There has been scant imaging description of this tumor without specific imaging features [5,12]. Previous sonographic descriptions of this tumor include smooth-margined, heterogeneously echoic solid mass, with one or more internal anechoic cystic portions [12,13]. On CT, UTROSCT are masses with well-circumscribed margins [14]. In the present case, the tumor is hyperenhancing (169 HU) relative to the uterine myometrium (107 HU). The mass cannot be reliably distinguished from myometrium on the 120 second post contrast images, with the mass measure 87 HU compared to the myometrium which measures 84 HU (Figure 5). There have been four reports of UTROSCT with MRI findings. These tumors are T1 hypointense or intermediate in signal compared to myometrium, and T2 intermediate but more often T2 hyperintense. The tumors enhances slightly after contrast administration [12,15-17]. Neither the CT or MRI features can distinguish UTROSCT from uterine leiomyomas [18, 19]. However, Cho et al. reported slightly restricted diffusion of UTROSCT, which can be a differentiating factor from the typical leiomyoma (Figure 6) [12]. However, further research on the imaging characteristics of UTROSCT, particularly using diffusion weighted sequences are needed.

Figure 6.

— Uterine tumor resembling ovarian sex-cord tumor in a different 50-year-old patient, reproduced from Cho et al. [12] with permission. The pelvic MRI shows an approximately 8.7-cm, round, solid mass in the right anterolateral portion of the uterus. The mass is isointense on T1-weighted image (6A) and hyperintense on T2-weighted image (blue circle on 6B) relative to the rim of myometrium (red arrows on 6B). The mass also contains cystic portions which are slightly hypointense on T1-weighted image and hyperintense on T2-weighted image (orange arrow on 6B). The solid portion demonstrates hyperenhancement on post contrast T1-weighted image (5C). The solid portions of the tumor shows slightly restricted diffusion which appears hyperintense on the diffusion-weighted image and hypointense on the corresponding apparent diffusion coefficient (ADC) map (green arrow 6D and 6E).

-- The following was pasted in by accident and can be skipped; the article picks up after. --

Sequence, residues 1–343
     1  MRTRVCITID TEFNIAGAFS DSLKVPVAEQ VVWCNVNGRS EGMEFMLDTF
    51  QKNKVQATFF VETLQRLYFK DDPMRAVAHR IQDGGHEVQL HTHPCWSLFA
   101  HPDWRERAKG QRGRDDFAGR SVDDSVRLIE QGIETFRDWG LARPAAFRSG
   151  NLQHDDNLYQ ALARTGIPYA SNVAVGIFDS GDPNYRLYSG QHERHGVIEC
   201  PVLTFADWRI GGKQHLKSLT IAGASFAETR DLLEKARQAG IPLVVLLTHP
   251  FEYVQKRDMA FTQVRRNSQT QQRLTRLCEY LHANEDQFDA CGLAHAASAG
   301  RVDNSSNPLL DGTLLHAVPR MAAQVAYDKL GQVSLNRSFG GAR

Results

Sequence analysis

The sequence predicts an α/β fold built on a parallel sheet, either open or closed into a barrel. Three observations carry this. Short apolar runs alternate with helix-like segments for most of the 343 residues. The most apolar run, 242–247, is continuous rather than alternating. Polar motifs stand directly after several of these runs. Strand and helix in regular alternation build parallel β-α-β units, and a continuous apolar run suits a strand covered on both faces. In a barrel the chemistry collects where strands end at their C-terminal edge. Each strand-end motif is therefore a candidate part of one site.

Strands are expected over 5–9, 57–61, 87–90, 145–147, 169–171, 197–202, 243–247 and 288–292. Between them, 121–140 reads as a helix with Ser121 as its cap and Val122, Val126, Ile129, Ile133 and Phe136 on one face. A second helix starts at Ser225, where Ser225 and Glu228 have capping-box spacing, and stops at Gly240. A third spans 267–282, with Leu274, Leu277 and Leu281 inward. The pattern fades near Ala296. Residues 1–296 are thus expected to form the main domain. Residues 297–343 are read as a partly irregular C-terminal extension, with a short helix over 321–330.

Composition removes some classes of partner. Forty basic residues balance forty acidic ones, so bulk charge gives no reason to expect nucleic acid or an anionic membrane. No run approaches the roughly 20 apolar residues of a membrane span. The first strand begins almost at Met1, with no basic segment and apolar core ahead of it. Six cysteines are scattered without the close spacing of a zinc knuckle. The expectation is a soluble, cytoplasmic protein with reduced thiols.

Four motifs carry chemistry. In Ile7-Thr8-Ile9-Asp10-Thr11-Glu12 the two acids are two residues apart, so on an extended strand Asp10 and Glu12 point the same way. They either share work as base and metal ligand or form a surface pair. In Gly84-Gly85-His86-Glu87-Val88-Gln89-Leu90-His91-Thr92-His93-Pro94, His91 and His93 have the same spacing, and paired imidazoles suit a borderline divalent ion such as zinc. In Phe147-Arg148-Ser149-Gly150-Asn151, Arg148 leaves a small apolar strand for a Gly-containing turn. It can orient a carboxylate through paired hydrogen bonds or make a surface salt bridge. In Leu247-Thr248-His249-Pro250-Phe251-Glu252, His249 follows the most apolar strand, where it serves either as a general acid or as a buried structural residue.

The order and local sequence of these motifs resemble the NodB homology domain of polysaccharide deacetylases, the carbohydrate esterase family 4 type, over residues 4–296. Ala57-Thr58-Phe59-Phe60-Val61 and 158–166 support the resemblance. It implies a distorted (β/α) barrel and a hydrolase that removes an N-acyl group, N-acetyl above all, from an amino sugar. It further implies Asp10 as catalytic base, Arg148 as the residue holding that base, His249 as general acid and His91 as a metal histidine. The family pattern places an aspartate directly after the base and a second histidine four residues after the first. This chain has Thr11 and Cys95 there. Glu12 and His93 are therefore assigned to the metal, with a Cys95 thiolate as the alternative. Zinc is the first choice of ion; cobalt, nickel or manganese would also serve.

The biological behavior of these tumors appears generally favorable according to most sources. However, cases exhibiting local recurrence and metastases with malignant behavior have been described [20]. A systematic review of literature found that the disease-free survival rates for 43 cases of UTROSCT were 97.0%, 92.7%, and 69.7% at one, two, and five years, respectively [21]. Currently, there is no consensus on the management of this group of rare tumors. In the same systematic review, Blake et al. found no statistically significant difference in survival between patient who had hysterectomy and those who also had adnexectomy [21]. Given the rare possibility of metastasis, the authors believe surgical excision of the tumor with hysterectomy is appropriate. However, other authors have advocated for resection of the tumor alone, without hysterectomy as a treatment option, particularly in those patients who wish to conceive for family planning [22].

In summary, UTROSCT is a rare tumor that has been well-characterized using immunochemistry and cytogenetics. The imaging features of this tumor cannot reliably differentiate UTROSCT from other uterine masses such as leiomyomas, though they may demonstrate slight restricted diffusion on MRI. In view of a relatively limited numbers of the reported cases with long follow up, the behavior of these tumors, while generally appearing favorable, remains unclear.though they may demonstrate slight restricted diffusion on MRI. In view of a relatively limited numbers of the reported cases with long follow up, the behavior of these tumors, while generally appearing favorable, remains unclear.